All of which brings us back to the topic of alignment. That’s because this whole issue is about alignment with a clear, unequivocal objective. And the fully aligned organization has one paramount and unifying objective: Maximizing Customer Value. This is the strategic imperative for sustainable prosperity in the intensely networked 21st century economy. With the Customer as PVF you are able to generate optimal results for Employees and Shareholders.
It’s different from the product-led, market orientation of the 20th century. Now, businesses need clarity about the outcomes that Customers need, want or aspire to. And that means forming closer relationships with them, treating them as ‘insiders’. Indeed, when that happens, those with high goodwill towards an organization can become genuine assets of the business. So the challenge is to develop Customer relationships that are relational, co-owned, contextual, cumulative, and memorable.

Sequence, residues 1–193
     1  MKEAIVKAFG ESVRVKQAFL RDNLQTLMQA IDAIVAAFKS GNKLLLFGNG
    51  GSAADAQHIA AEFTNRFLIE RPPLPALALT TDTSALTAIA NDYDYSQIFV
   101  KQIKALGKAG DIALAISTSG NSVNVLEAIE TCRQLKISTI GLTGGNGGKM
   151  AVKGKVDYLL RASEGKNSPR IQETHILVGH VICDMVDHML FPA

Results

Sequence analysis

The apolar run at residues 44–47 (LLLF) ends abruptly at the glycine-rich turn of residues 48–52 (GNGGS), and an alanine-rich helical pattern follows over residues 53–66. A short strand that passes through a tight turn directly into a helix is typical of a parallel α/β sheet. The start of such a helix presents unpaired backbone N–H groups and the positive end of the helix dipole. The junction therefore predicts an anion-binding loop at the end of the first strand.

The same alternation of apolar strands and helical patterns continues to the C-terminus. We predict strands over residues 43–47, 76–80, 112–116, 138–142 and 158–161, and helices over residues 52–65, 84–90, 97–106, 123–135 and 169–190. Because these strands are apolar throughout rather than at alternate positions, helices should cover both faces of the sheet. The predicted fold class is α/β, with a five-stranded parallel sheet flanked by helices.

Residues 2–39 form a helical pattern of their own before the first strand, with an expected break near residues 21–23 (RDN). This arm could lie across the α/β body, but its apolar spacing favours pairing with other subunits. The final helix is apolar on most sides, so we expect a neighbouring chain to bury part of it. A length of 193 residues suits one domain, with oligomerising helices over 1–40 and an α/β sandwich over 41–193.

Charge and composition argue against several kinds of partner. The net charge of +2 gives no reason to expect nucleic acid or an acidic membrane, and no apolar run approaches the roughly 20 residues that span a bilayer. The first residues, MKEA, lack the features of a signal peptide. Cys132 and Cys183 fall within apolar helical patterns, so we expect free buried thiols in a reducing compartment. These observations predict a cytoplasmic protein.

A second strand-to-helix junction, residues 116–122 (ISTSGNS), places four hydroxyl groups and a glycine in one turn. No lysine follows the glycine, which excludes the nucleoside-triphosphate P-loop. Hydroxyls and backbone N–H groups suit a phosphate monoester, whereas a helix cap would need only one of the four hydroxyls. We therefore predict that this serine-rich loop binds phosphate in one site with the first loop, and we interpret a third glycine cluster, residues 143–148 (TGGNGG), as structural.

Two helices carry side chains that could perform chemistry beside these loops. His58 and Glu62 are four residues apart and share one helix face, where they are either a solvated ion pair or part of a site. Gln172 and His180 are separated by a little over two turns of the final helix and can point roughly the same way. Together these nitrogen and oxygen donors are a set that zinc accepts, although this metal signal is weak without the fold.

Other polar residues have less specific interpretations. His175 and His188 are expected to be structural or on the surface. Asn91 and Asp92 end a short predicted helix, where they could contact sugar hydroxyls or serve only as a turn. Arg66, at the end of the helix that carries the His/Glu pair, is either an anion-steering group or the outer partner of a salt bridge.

How do you achieve that? Well, why not start by having a conversation with us? Contact us <here>
[i] The Shareholder Value Myth: how putting shareholders first harms investors, corporations, and the public. Lynn Stout (2012)
[ii] “Welch condemns share price focus” Francesco Guerrera. Financial Times (March 12, 2009)
[iii] Management, Tasks, Responsibilities, Practices. Peter Drucker (1974)
[iv] The Marketing Imagination. Theodore Levitt (1983)
[v][v] Customer-Driven Marketing. John Frazer-Robinson (1997) For completeness, Frazer-Robinson goes on to say, “Employees definitely follow next in priority, for, without loyal and passionate staff, any attempt at Customer loyalty or becoming Customer-driven is doomed to fail.”